Like this site? Help us to make it better.

Eurostar backs down: campaign forces company to scrap bike box rule

Politicians, campaign groups and public outcry at demand that bikes be dismantled and boxed to travel

Cyclists will be able to take unboxed, complete bicycles on the Eurostar - following campaigns against a new policy, uncovered by, to make cyclists dismantle and box up their bikes to travel from Sunday 1 November.

Following a CTC campaign, 'Zero Stars for Eurostar’, Eurostar's Head of EU Public Affairs Pierre Delalande contacted the campaign group late last night to say: "You will be pleased to know that we are not intending to go ahead with the requirement for all bikes to be carried in boxes and will accept fully-mounted bikes."

More than 9,500 people signed up to the ‘Zero Stars for Eurostar’ campaign by CTC and the ECF (European Cyclists’ Federation).

The UK’s All Party Parliamentary Cycling Group criticised the move as did the Mayor of London, Boris Johnson MP, and the Mayor of Paris, Anne Hidalgo.

CTC Chief Executive Paul Tuohy said: "It's fantastic news that the views of so many of our members and other cyclists across Europe have been listened to. This proves how a successful, well-run campaign can be a massive force for good and make things happen.

"We at CTC would like to thank everyone who supported our online action, as well as other cycling bodies across Europe, the APPCG, and the Mayors of London and Paris.”

Initially, Eurostar limited a bike box to a maximum 129 x 84 x 26cm, a new policy uncovered by

After complaints from this website’s editors that the restrictions were too limiting, being smaller than any bike box we have tested, Eurostar changed its cycle carrying policy to allow customers to travel with a bike box of any size.

Previously cyclists could take a whole bike on the train, though the bike must be taken to its EuroDespatch office at least 60 minutes before travel.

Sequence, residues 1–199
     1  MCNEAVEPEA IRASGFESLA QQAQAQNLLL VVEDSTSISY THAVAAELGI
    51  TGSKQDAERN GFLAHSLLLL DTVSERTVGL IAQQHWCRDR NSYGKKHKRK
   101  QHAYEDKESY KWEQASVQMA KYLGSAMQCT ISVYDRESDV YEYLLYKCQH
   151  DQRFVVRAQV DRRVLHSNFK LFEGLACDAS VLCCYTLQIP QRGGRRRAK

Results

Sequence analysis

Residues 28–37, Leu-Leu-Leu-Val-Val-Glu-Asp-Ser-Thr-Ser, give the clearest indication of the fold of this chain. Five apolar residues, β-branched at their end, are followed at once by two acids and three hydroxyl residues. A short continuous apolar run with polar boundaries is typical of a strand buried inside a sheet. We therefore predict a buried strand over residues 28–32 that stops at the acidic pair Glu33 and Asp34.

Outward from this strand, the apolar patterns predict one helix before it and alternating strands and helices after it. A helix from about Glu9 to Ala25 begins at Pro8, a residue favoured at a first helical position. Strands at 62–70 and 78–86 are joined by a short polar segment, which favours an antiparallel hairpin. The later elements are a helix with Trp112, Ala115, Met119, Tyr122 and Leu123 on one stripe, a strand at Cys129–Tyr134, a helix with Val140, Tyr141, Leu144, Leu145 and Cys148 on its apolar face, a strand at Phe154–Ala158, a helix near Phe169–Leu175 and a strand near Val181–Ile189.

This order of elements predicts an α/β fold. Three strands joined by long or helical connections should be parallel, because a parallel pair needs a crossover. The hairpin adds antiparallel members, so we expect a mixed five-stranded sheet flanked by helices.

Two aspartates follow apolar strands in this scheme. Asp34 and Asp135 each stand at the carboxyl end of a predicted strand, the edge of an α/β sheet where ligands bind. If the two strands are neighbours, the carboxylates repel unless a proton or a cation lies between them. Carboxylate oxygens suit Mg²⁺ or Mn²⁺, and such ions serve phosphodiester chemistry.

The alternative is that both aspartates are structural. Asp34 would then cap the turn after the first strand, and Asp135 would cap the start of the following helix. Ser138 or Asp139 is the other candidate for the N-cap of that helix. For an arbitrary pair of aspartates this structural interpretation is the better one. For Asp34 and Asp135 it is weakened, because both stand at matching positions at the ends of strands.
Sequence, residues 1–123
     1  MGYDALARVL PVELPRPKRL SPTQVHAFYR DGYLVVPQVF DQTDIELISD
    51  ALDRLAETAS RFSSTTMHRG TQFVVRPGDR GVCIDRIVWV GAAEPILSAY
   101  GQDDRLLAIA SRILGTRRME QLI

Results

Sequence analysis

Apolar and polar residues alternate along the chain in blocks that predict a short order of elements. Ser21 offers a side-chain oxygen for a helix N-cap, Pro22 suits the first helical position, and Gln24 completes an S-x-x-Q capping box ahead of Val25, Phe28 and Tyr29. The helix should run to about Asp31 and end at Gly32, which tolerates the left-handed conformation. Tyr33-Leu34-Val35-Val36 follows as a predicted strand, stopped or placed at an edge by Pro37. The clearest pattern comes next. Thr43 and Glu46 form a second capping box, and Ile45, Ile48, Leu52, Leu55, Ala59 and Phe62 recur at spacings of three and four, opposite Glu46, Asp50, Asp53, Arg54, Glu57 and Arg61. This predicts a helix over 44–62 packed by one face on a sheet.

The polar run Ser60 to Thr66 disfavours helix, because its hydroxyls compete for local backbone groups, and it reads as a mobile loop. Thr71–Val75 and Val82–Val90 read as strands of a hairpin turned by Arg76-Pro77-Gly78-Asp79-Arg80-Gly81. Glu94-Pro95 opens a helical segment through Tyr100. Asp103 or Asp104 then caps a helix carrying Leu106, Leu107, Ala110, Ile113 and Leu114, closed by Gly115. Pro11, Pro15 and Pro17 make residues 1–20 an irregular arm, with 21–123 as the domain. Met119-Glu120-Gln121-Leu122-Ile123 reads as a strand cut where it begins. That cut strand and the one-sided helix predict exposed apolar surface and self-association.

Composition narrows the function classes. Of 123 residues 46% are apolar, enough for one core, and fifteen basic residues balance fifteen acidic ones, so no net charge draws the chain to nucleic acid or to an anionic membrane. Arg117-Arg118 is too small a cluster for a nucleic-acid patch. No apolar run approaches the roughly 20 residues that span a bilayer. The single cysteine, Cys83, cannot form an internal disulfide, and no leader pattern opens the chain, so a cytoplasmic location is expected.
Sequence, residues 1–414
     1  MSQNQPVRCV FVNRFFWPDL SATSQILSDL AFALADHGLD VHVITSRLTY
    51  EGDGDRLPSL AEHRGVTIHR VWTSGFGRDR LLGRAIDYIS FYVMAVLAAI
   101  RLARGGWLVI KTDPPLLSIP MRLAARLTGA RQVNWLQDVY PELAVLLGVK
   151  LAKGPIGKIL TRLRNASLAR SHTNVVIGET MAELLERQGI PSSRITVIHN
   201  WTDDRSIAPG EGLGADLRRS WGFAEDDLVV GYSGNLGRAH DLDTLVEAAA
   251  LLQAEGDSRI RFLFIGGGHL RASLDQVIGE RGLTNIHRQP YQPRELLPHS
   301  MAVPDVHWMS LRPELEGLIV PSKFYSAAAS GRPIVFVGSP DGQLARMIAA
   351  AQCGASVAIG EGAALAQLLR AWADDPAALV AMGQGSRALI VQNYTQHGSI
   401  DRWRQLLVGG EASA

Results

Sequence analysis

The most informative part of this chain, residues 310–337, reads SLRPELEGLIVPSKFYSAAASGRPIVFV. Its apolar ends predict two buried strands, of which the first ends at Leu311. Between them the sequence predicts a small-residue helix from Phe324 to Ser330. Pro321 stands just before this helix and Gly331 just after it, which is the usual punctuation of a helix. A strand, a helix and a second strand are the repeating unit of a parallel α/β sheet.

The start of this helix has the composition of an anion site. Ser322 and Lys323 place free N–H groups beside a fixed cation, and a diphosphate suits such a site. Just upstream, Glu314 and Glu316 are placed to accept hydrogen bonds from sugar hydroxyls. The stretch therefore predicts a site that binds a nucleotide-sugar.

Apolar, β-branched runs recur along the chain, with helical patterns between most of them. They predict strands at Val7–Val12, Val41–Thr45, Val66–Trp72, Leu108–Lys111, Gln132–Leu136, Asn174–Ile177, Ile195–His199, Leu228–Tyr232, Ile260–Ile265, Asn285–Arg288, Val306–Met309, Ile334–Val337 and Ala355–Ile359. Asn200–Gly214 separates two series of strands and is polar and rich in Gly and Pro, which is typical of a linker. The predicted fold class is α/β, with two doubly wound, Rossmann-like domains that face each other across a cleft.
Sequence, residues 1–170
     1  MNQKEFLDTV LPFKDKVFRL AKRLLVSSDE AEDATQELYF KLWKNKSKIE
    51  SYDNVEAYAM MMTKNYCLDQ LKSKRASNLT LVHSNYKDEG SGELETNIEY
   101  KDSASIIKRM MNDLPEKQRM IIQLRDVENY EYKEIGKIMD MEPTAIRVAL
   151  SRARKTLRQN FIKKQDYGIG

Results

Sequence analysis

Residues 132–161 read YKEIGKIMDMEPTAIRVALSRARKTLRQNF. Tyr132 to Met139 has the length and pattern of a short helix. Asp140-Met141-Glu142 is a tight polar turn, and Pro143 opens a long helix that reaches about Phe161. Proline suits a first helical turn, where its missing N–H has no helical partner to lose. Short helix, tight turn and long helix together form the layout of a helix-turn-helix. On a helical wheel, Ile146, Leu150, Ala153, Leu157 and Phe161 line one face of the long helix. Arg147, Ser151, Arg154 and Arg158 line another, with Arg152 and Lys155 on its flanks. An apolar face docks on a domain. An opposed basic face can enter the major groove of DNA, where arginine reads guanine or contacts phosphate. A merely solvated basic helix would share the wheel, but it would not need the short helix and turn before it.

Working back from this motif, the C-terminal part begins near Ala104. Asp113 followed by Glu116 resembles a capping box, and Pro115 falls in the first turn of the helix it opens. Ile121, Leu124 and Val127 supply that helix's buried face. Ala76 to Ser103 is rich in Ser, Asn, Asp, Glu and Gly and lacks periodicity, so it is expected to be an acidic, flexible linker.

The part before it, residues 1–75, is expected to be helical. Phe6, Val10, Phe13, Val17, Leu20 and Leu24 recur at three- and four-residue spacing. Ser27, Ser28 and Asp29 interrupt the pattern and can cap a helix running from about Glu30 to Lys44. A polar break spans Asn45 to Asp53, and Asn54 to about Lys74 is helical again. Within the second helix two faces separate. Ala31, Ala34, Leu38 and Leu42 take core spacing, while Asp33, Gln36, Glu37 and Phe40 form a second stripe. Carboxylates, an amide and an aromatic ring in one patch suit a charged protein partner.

A study commissioned by the European parliament in 2012 found that there are 2.3m cycle tourism trips in the EU every year, worth more than £33bn. While users can currently take their bikes away with them unboxed – they are hung from their front wheel in a specially-designated compartment on the train – that was set to change.

A Eurostar spokesman said: "This is not about space on the train, but about how we use the available space to the benefit of the majority of our customers, taking into account feedback from those that use our service overall."

The European Cyclists' Federation (ECF), which represents cycling bodies across the continent, described the new policy as "very disappointing news" in a letter to Eurostar chief executive Nicolas Petrovic. “The requirement being introduced from 1st November to dismantle all bikes and put them into a bag or box is extremely inconvenient and will put people off who are unsure about the mechanics of their bike.”


After an unpromising start, having to be bribed by her parents to learn to ride without stabilisers, Sarah became rather keener on cycling in her university years, and was eventually persuaded to upgrade to proper road cycling by the prospect of a shiny red Italian bike, which she promptly destroyed by trapping a pair of knickers in the rear derailleur. Sarah writes about about cycling every weekend on

Latest Comments